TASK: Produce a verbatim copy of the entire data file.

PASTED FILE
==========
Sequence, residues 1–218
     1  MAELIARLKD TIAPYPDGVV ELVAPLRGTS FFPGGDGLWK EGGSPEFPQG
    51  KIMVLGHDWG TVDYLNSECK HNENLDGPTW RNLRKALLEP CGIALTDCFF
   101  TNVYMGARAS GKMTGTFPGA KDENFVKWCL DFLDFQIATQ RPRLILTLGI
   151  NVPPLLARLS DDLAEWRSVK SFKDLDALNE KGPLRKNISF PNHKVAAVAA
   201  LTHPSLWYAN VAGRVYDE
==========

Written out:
Sequence, residues 1–218
     1  MAELIARLKD TIAPYPDGVV ELVAPLRGTS FFPGGDGLWK EGGSPEFPQG
    51  KIMVLGHDWG TVDYLNSECK HNENLDGPTW RNLRKALLEP CGIALTDCFF
   101  TNVYMGARAS GKMTGTFPGA KDENFVKWCL DFLDFQIATQ RPRLILTLGI
   151  NVPPLLARLS DDLAEWRSVK SFKDLDALNE KGPLRKNISF PNHKVAAVAA
   201  LTHPSLWYAN VAGRVYDE